Emotional Ukrainian Refugees: ‘We Fasted on Yom Kippur, Celebrated Sukkos – for the First Time Ever’October 27, 2022
Yad L’Achim’s intensive efforts to protect the Jewish identity of Ukrainian refugees against the onslaught of well-heeled missionaries lying in wait reached their highpoint during the month of Jewish holidays that has just come to an end.
Yad L’Achim rabbis spent the holidays with refugees in seven cities that are absorbing them, organizing special activities designed especially for them. Some of the rabbis moved with their families to these cities to open congregations tailor-made for refugees, protecting them from missionaries who approach them in the guise of offering humanitarian assistance.
In the seven cities – Ashdod, Nof Hagalil, Karmiel, Kiryat Yam, Netanya, Haifa and Ramat Gan – Yad L’Achim conducted minyanim for Rosh Hashana that were followed by invested Yom Tov meals fit for a king for thousands of refugees who have no family to celebrate the holiday with.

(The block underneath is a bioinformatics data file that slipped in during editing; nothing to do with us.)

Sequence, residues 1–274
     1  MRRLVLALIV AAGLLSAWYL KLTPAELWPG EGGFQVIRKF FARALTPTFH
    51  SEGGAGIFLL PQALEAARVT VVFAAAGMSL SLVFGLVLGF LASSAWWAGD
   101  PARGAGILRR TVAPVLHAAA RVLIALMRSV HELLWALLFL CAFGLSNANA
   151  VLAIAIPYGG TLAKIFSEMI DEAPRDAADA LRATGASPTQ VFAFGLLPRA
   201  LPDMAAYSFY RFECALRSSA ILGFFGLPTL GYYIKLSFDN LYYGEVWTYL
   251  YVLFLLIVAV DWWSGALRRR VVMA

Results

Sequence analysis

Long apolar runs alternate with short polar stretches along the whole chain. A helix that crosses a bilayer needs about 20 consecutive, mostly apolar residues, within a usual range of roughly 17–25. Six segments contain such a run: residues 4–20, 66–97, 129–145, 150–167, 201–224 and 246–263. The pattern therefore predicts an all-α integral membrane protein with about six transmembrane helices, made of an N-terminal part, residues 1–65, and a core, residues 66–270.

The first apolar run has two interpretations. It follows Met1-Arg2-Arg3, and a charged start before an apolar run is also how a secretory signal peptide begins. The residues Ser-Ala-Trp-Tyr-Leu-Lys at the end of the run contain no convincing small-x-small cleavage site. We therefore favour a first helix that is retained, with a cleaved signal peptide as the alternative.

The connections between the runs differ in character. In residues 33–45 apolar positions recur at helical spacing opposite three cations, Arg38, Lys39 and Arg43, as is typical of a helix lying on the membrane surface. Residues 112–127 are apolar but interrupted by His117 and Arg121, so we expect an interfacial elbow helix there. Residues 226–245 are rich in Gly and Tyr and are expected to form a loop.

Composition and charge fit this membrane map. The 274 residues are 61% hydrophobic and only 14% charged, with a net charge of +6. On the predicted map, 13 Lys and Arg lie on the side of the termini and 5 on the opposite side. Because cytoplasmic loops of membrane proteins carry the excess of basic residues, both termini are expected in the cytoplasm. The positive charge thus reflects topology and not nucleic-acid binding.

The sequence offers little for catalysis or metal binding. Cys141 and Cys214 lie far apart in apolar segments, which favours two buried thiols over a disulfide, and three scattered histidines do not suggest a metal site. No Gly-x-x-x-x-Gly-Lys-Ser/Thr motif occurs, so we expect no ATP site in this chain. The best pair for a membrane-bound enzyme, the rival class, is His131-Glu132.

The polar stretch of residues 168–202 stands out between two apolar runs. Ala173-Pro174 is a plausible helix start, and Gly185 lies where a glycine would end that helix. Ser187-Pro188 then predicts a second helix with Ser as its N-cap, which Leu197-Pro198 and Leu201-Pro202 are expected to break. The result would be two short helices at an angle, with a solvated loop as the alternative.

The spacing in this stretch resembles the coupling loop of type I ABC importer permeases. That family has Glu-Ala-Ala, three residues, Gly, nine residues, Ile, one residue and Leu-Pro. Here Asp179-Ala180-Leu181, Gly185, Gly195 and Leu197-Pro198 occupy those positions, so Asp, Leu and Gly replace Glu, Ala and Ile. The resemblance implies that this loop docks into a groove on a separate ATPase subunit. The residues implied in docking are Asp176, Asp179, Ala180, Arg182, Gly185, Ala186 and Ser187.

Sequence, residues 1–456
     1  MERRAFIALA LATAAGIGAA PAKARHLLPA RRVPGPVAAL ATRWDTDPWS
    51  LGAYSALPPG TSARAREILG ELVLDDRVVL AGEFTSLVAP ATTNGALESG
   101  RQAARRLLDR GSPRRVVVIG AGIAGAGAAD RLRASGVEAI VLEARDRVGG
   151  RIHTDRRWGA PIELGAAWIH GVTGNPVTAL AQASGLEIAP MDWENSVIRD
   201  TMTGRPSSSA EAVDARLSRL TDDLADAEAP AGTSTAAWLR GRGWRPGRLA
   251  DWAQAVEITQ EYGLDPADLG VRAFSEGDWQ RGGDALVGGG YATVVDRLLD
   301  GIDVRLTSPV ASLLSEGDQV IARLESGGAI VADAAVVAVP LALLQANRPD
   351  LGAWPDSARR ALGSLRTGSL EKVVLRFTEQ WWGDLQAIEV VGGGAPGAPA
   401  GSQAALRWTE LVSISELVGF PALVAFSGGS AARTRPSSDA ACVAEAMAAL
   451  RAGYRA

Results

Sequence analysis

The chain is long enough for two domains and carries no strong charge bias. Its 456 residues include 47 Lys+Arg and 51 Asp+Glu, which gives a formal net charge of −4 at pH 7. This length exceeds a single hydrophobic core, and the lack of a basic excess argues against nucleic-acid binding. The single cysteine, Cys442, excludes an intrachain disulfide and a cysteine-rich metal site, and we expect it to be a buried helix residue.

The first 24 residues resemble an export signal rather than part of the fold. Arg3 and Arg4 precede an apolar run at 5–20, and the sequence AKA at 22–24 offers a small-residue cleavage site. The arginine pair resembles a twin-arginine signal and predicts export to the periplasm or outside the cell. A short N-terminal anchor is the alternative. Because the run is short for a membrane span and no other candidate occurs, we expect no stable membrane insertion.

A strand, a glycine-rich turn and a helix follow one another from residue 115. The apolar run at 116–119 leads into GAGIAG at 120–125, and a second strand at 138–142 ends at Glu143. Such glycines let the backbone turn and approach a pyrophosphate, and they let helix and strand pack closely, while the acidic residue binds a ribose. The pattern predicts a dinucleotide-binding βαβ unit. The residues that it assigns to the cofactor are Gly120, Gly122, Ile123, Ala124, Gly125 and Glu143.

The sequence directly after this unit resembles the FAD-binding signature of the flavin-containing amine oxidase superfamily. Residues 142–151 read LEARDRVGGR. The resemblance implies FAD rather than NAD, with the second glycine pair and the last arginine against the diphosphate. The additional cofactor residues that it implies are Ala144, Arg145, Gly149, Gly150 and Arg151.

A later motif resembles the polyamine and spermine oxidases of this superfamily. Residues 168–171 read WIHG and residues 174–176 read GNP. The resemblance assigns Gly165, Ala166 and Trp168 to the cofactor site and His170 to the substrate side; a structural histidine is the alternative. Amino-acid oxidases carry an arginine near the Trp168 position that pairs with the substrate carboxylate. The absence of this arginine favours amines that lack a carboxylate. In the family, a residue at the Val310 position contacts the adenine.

Some of the refugees related, with great emotion, that this was the first time they had recited the prayers of the holy day and observed it in accordance with Halacha. They returned for Yom Kippur, when the fasted the entire day and participated in all the tefillos.
Earlier – toward the end of Elul and during the Asseres Yemei Tshuva – “Selichos Tours” were arranged that included visits to shuls in Yerushalayim, Tzfas and the graves of the righteous, together with instruction in how to participate in the special prayers. In addition, Yad L’Achim distributed hundreds of thousands of shekels worth of food coupons and packages filled with basic holiday necessities.
The scope of activities increased dramatically over Sukkos, beginning with the distribution of mehudar sets of arba’as haminim, the hosting of families in sukkos and the attendance at joyous Simchos Beis Hasho’eva, and concluding with chol hamo’ed tours and events for the children.
Harav Gavriel Tzarevski, a Yad ‘Achim activist in Ashdod, put it this way: “On Erev Chag Sukkos we set up a giant, 48-meter sukkah. During the holiday we merited to host more than 200 guests, refugees, and veteran immigrants. Every evening they sat for beautiful Yom Tov meals spliced with divrei Torah and songs and dancing until the early hours of the morning.”